There are a few rules on this list to the right that have me seething out of my writerly mind. Some of them are good, but some of them are outright ridiculous, whether or not you have the experience to know when to break them. I’m going to pick at the ones from this list that I find extremely stupid.
1. Write what you know.
I hate this one because it’s impossible to write what you know. And really, I should only break this rule in an emergency? You’re not going to know every facet of your book, hence why many a published book was written with research in mind. If you write what you know, your story is likely to not be that interesting. I had no idea about the workings of a convent when I wrote When Stars Die. I did research on the Salem Witch Trials. The point is, I had to do research, and you likely will too. I suppose if you took this rule literally, write what you know includes writing what you know from research, but in this list, this list that says to only break these rules in emergencies, write what you know likely doesn’t include the research aspect.
2. Kids and animals can’t die.
Just what? I get killing off a kid or an animal can be a cheap way to arouse sympathy, but this also suggests that the lives of animals and kids are too valuable, and that the lives of adults don’t hold enough value, so it’s okay to kill off adults, but, by god, you kill off a kid or animal and you’re stepping on sacred ground. I’ll kill off kids or animals if I want to, especially if it’s relevant to my plot. They’re not immune to death.
3. No multiple points of view.
How are you going to learn to use multiple points of view unless you start writing from multiple points of view? If you find it’s pointless later, that’s why you can edit it out. But you’re never going to understand how to use them unless you actually try to write with them. So break this rule. Kill it, if you’re interested in experimenting with multiple POVs. Shannon’s Minutes Before Sunset uses two POVs, and I think she does a marvelous job, and it’s only her second book. I can tell she didn’t care about this “rule.”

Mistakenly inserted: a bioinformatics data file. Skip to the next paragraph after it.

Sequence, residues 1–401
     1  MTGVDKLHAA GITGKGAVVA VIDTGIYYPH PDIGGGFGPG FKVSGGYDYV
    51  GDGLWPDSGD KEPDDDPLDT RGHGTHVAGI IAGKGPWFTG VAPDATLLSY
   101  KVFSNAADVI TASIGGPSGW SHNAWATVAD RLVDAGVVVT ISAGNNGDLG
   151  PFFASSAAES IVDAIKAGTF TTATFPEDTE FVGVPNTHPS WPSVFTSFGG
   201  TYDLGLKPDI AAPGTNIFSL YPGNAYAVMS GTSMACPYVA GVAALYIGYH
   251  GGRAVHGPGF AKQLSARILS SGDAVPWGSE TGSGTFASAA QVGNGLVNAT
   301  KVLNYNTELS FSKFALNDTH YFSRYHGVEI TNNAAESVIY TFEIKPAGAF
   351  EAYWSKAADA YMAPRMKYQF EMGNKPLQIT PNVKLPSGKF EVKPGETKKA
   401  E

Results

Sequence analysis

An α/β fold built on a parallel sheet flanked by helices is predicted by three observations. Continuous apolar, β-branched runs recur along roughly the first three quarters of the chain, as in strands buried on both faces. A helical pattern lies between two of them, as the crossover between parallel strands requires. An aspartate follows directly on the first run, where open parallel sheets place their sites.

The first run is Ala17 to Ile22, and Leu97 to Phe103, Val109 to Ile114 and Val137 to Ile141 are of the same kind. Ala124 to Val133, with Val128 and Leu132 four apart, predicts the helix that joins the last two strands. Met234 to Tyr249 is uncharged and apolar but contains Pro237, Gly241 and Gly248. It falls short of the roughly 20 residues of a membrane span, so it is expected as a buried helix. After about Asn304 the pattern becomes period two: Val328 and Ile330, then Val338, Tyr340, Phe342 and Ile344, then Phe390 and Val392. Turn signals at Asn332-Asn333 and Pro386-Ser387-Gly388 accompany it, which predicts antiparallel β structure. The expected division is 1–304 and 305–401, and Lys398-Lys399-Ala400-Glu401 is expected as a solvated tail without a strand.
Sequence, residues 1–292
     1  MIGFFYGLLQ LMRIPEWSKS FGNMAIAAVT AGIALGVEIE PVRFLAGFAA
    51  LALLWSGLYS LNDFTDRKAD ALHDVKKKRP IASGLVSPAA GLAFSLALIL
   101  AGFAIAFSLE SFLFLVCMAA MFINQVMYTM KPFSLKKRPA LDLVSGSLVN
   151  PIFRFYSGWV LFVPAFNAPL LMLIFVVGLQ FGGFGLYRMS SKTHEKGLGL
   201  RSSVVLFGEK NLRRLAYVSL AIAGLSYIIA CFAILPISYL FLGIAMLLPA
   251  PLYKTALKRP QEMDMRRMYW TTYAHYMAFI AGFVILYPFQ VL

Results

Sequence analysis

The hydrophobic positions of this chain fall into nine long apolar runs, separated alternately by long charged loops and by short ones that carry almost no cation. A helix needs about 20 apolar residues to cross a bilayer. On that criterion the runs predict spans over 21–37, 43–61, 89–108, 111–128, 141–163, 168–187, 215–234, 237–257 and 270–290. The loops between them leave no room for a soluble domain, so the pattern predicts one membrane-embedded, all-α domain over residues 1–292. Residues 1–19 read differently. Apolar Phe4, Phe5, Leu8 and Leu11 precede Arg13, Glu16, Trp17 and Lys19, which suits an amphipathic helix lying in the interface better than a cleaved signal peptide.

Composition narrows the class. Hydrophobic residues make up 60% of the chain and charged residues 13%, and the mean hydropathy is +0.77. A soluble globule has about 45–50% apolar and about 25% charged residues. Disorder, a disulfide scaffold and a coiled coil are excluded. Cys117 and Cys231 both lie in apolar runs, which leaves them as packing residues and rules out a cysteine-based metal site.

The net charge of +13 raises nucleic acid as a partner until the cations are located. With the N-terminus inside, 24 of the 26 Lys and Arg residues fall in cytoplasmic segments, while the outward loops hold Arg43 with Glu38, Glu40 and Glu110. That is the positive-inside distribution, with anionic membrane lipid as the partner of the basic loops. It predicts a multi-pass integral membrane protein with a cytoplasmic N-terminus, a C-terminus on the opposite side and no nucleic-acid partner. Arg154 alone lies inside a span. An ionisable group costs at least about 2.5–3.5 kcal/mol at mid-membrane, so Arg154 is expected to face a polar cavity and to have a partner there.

4. Happy endings are required for commercial fiction.
No they’re not. Have you been reading commercial fiction lately? A lot of the endings are bittersweet. I don’t consider bittersweet endings happy endings because the MC is often left with some sort of trauma that is going to have to be sorted out. And trauma is painful. It’s not happy.The Sweet Far Thing by Libba Bray has a bittersweet ending. Mockingjay has a bittersweet ending. I don’t know what commercial books you’ve been reading lately, but I haven’t been reading any with happy endings.
Write whatever ending you want to write. Even if you’re writing commercial fiction. The only books that require happy endings are Harlequin romance novels.
5. If you want to sell, write to current trends.
Just what? Okay, When Stars Die is a paranormal romance, but I didn’t do it to jump on the paranormal bandwagon. It’s dangerous to force yourself to write to current trends because what you write can turn to crap. Also, I’ve seen plenty of books selling that aren’t along current trends. Write whatever the heck you want. Moving on.
6. Write 1000 words a day.
No. Try to write every day, however many words you can get in. Don’t tell me what to do, especially because you don’t know my life.